Syrian Refugees

The Syrian refugee crisis began when the country was thrown into civil war. The war began in 2011 and is a multi-sided war that includes the Syrian government and various other groups, both domestic and foreign, who oppose the Syrian government, and at times oppose each other.

The civil war has caused over 6.6 million people to flee the country and over 13 million have been displaced since 2011. The Syrian refugees have also fled to various countries such as Jordan, Lebanon, and Canada.

Over the course of the last 11 years, the life of the refugees hasn’t gotten any easier. 90% of the refugees who live in Lebanon live below the poverty line and most face economic hardships. Most of these refugee households cannot meet their basic needs as of 2021.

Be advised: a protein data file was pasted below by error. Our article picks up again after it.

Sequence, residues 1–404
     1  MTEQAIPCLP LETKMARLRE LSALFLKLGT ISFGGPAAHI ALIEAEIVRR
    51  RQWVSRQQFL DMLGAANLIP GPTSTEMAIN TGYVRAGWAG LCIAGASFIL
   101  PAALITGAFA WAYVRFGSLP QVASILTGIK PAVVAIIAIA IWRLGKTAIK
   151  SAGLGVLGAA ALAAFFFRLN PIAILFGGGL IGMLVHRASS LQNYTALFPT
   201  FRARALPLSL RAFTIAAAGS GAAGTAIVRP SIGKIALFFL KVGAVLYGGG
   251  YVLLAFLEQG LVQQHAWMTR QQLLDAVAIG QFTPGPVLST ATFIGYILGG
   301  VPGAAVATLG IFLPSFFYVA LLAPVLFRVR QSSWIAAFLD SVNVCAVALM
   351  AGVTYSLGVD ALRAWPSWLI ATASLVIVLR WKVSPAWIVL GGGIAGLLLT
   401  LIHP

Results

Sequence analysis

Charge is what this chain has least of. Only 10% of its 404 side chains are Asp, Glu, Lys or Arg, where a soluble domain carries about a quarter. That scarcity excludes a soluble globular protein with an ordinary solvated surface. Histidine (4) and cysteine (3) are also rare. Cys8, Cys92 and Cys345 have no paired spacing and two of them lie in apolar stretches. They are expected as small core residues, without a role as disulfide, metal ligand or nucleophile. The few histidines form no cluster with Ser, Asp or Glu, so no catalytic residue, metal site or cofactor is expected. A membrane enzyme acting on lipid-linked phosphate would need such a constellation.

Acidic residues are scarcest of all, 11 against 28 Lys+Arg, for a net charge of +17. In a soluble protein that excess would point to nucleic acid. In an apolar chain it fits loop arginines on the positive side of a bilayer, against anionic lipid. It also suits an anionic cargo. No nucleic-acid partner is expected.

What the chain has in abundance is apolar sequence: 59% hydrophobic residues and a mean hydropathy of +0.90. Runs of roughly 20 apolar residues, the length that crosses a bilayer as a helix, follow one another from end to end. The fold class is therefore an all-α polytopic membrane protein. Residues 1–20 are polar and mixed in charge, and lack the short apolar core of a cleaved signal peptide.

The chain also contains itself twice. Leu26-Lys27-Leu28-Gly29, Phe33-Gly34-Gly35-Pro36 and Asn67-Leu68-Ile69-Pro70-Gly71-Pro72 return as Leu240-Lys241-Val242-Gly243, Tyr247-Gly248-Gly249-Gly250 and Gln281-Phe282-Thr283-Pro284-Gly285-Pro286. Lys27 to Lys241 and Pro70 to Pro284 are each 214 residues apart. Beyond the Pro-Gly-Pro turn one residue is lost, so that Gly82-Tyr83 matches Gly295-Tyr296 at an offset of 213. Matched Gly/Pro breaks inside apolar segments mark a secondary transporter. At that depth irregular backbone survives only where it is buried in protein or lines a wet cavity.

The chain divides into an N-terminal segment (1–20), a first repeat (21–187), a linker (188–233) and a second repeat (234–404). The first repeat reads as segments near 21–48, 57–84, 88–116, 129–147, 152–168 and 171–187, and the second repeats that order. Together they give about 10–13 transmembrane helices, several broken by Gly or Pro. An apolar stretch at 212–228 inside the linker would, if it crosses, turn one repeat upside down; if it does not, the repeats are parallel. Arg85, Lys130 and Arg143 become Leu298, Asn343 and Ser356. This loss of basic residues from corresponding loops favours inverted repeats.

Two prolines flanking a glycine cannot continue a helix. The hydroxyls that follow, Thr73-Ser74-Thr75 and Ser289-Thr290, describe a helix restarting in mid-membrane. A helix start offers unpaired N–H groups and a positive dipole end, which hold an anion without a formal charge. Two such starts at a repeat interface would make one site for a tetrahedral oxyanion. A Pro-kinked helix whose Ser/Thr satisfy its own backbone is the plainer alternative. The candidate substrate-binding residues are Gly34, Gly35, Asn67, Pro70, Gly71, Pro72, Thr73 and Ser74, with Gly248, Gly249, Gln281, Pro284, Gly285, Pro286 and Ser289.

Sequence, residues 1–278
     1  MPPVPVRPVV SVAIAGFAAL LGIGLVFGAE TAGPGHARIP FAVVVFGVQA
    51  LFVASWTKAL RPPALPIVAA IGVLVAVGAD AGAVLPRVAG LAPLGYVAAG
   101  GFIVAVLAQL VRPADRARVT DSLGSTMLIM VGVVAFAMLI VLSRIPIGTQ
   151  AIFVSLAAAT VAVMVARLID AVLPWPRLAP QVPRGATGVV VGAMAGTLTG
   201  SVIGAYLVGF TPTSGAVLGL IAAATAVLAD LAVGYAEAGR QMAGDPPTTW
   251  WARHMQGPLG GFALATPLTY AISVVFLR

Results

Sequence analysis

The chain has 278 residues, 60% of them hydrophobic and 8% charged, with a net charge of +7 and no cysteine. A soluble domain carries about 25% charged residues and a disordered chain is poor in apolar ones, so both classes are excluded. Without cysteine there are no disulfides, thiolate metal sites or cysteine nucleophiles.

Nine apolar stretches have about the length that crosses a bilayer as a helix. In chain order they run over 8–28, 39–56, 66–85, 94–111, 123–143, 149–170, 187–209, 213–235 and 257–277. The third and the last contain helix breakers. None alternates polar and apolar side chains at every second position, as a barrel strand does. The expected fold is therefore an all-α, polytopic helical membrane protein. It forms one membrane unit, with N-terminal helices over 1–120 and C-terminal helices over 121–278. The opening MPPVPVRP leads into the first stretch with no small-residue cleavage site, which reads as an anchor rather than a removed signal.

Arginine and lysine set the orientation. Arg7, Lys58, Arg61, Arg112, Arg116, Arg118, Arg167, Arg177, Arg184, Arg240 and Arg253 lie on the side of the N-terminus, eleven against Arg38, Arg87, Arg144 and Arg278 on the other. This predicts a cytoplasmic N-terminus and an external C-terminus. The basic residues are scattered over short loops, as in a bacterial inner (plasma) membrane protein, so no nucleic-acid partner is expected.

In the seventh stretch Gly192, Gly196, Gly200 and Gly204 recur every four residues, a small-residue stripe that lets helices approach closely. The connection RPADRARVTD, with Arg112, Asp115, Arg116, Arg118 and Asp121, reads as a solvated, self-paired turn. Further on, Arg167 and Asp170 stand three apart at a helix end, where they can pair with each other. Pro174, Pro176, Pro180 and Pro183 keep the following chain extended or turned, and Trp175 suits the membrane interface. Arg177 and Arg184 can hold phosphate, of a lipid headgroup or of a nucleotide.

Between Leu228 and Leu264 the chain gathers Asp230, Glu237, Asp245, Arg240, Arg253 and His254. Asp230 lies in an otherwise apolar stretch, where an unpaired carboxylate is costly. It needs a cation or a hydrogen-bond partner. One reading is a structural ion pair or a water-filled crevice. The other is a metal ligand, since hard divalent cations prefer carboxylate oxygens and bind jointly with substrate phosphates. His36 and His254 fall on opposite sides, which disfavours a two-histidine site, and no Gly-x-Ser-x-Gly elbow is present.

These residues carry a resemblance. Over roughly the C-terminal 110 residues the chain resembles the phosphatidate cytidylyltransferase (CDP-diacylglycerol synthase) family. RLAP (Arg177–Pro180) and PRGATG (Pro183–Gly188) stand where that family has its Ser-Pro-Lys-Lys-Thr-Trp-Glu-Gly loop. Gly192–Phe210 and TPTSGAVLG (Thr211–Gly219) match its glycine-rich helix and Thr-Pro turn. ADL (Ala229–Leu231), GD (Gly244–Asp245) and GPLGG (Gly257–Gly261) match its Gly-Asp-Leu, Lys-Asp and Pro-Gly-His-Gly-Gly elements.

The Syrian refugee crisis has been labeled as “the biggest humanitarian crisis of our time and a continuing cause of suffering” by UNHCR High Commissioner Filippo Grandi.  

Despite all of these statistics, Syrians are treated pretty terribly in the counties in which they seek refuge.

Many people state that the countries are helpful and inviting but after years of conflict, many counties are applying pressure on Syrians to return home.

Many of the refugee centers in places like Greece are in terrible condition. Many of the streets are covered in trash and there was an overwhelming stench of rotting garbage in the air. Along with these conditions, many women are also told to not walk the streets alone as there are many drunks and drug dealers.

“Europe does not see us as human,” refugee Rasha al-Ahmed said. She fled Syria and went to Turkey. From Turkey, she later moved to Greece.

So while these two situations are almost identical, two war-stricken countries with large amounts of people fleeing for their own safety, then why is it that they get treated differently? Is it because of limited resources or space? Is it because of the difference in length that these wars have gone on? Or is it perhaps just because of race?